The San Antonio Spurs are just…well...to put it simply, awesome.
You mix a crazed fan base that has only one professional sports franchise in their city, add a heavy helping of a front office that is calculated in every single decision it makes (always) and a sprinkle of a coach that you could plug into virtually any era of professional basketball and he would succeed (in Gregg Popovich), and what do you get? Four NBA championships in 11 years.
Oh, yeah, I forgot…Tim Duncan’s pretty good, too.
The Spurs are on the cusp of reaching another Western Conference Finals matchup (most likely with the Oklahoma City Thunder, who currently hold a 3-1 series lead over the Los Angeles Lakers), and they are showing no signs of slowing down. Duncan says he feels healthier now than he has in years—amazing considering this shortened season, in which teams were forced to play 66 games over 120 days—and Popovich may be coaching his best basketball since the early 2000s. Point guard Tony Parker, playing in his 11th season in the NBA at only 30 years old, has played at an MVP level all season long, taking on more of a role in the offense.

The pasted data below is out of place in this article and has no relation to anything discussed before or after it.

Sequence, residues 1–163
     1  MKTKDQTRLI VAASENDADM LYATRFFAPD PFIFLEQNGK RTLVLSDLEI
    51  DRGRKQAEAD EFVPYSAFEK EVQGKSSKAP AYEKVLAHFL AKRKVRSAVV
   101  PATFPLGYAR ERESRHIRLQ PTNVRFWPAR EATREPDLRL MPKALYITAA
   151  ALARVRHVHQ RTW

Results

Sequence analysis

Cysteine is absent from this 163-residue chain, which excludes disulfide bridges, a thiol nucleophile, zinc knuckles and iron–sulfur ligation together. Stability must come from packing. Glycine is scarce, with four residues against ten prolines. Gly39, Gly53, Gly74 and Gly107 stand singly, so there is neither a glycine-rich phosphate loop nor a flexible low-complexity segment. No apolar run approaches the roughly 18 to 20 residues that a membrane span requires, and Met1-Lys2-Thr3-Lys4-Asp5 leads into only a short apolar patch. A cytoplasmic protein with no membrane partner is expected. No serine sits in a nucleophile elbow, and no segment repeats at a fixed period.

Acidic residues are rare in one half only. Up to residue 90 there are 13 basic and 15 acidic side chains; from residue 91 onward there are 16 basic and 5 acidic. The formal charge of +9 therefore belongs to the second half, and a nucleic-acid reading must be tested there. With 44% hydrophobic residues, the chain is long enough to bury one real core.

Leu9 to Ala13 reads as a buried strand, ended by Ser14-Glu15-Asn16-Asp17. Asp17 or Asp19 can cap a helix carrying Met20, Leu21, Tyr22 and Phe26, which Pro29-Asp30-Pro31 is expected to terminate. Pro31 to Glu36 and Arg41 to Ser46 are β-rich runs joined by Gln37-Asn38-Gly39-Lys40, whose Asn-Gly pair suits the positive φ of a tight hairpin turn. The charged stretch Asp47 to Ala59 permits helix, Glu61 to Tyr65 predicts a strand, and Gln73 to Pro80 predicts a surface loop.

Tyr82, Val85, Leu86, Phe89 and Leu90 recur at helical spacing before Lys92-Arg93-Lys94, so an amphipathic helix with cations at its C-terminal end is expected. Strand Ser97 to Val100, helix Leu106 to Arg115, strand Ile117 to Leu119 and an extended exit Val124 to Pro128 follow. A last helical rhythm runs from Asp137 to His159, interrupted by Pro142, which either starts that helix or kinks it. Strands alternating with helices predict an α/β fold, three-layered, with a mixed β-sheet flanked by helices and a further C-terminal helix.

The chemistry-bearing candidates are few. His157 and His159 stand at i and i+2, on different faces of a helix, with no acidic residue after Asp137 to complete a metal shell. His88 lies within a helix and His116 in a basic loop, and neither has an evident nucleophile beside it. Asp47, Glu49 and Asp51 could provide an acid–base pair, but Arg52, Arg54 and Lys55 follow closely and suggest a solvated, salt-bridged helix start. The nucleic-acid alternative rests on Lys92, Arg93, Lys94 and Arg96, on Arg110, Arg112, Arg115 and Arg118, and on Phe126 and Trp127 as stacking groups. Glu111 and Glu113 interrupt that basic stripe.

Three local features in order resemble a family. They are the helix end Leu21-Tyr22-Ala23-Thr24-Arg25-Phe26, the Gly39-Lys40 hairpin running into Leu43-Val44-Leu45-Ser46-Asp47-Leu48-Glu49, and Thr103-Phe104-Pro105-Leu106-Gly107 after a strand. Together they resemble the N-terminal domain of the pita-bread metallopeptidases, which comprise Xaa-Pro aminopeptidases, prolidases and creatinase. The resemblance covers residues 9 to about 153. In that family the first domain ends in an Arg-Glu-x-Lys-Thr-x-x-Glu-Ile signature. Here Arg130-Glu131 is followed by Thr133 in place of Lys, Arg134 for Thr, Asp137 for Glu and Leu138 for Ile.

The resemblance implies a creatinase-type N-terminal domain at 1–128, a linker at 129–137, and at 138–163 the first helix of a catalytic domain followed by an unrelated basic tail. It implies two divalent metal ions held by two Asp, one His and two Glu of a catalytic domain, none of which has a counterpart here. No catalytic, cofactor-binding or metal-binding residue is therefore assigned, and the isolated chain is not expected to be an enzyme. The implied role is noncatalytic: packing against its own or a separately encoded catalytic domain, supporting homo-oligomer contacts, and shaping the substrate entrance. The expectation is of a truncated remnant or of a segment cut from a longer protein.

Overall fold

San Antonio looks ready for another run at a title, the franchise’s fifth since the 1999, and it got me to thinking about which NBA franchises run their team, well…best. From top to bottom, the Spurs are not just an example on how to run an organization. They are the model.
Here are today’s best-run NBA franchises:
San Antonio Spurs
I won’t delve much further, considering I already spent enough time praising the Spurs—but their commitment to excellence, longevity and above all, discipline, transcends the notion that small-market teams can’t compete with the big boys.